Medicare Fee-for-Service Beneficiary Access to Physician Services:

Trends in Utilization of Services, 2000 to 2002

GAO-05-145R: Published: Jan 12, 2005. Publicly Released: Feb 9, 2005.

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Alan Bruce Steinwald
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In the 1990s, several reforms to Medicare physician fees were implemented to help control spending growth in the traditional Medicare program, known as fee-for-service (FFS) Medicare. Concerns were raised that these reforms might have a negative impact on Medicare beneficiaries' access to physician services, but at the end of the decade, there was little or no evidence of nationwide access problems. In 2002, access concerns were again raised when Medicare physician fees were reduced 5.4 percent. Some policymakers have questioned whether access to physician services may have diminished either nationwide, in certain geographic areas, or for certain beneficiaries needing high-cost services. In October 2003, we briefed the Senate Finance Committee on trends from 2000 to 2002 in (1) Medicare beneficiaries' use of physician services, an indicator of access to these services, and (2) physicians' decisions to "accept assignment," that is, accept Medicare's fee as payment in full. This report addresses the same two objectives and expands on the information provided in our October 2003 briefing.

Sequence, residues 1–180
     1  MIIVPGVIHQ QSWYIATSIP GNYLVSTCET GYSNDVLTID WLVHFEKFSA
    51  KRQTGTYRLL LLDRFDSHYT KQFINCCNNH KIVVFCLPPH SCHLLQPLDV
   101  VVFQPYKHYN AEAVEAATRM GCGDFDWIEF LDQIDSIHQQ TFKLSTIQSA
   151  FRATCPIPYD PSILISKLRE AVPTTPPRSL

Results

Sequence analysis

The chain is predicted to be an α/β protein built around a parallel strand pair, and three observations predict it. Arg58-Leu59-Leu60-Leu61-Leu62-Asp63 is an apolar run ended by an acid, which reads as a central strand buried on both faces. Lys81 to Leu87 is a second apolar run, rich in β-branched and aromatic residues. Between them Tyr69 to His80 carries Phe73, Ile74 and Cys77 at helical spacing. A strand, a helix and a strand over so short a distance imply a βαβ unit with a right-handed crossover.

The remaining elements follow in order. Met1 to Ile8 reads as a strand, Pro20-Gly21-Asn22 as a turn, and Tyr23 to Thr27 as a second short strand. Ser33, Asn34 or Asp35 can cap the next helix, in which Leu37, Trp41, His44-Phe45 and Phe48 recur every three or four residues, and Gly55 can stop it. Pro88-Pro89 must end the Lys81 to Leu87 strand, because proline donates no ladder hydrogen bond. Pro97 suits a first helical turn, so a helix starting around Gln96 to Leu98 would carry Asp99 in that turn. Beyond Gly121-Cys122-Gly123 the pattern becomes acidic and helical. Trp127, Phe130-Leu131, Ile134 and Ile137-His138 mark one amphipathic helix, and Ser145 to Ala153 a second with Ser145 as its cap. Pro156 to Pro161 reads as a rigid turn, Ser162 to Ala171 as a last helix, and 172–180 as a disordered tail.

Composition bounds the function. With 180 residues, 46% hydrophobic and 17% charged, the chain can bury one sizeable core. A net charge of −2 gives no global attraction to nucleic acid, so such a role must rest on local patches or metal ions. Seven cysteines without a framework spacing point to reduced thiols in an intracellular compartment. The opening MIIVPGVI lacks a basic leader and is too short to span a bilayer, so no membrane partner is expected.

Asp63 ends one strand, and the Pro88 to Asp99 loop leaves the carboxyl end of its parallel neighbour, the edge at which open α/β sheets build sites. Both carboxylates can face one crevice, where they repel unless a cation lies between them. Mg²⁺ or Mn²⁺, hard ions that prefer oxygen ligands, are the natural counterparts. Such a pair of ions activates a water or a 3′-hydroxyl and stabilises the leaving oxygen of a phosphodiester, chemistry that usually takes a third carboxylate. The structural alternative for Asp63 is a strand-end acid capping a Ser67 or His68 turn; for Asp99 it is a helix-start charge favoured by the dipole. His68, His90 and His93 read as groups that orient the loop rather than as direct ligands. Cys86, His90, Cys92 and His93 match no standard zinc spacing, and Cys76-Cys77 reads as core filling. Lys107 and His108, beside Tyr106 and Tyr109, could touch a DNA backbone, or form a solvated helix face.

Two indicators of beneficiary access to physician services--the percentage of beneficiaries who received services and the number of services provided to beneficiaries who were treated, including the number of office visits--suggest an increase in access from April 2000 to April 2002. These indicators also suggest that access increases occurred in virtually all parts of the country--both urban and rural areas. Nationally, the percentage of beneficiaries that received physician services during the month of April rose from 42.0 percent in 2000 to 46.0 percent in 2002. Although the percentage of beneficiaries who received physician services was generally lower in rural areas (39.7 percent in 2000) relative to urban areas (42.9 percent in 2000), the increase from 2000 to 2002 was somewhat higher in rural areas (4.3 percentage points) relative to urban areas (3.8 percentage points). Over the 2-year period, the percentage of beneficiaries receiving physician services increased in the rural areas and the urban areas of every state in the nation. On average, the number of services provided per 1,000 beneficiaries who saw a physician rose by 322 (from 3,619 to 3,941) in urban areas and by 251 (from 3,278 to 3,529) in rural areas from April 2000 to April 2002. All rural and urban areas, except rural Alaska, exhibited an increase in this indicator. The average number of office visits--an indicator of beneficiaries' access to the typical entry point into the health care system and the most basic level of physician services--rose for Medicare FFS beneficiaries. The average number of office visits for both new and established patients per 1,000 Medicare FFS beneficiaries rose by 68 in rural areas (from 399 to 467) and by 79 in urban areas (from 453 to 532) from April 2000 to April 2002. The vast majority--95.6 percent in April 2002--of services were performed by participating physicians, that is, physicians who submit claims on assignment. This represents a 0.6 percentage point increase in the share of services performed by participating physicians since 2000. Nonparticipating physicians performed a commensurately smaller percentage of services. This suggests that physicians did not attempt to compensate for the 2002 fee reduction by changing their decision to accept assignment in order to balance bill patients. From April 2000 to April 2002, the percentage of services that physicians submitted as unassigned claims--the only claims for which physicians are permitted to balance bill beneficiaries--fell from 1.7 percent to 1.3 percent. In short, from 2000 to 2002, Medicare beneficiaries were less likely to be exposed to balanced billing.

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